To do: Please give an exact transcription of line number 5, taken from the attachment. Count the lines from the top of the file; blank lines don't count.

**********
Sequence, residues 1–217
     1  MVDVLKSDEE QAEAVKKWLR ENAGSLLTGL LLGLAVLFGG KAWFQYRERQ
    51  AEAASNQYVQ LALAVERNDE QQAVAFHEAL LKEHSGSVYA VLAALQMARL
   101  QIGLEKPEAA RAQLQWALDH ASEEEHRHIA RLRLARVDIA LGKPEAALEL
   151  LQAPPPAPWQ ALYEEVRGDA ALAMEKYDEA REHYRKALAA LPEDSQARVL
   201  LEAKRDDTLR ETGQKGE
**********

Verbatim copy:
   151  LQAPPPAPWQ ALYEEVRGDA ALAMEKYDEA REHYRKALAA LPEDSQARVL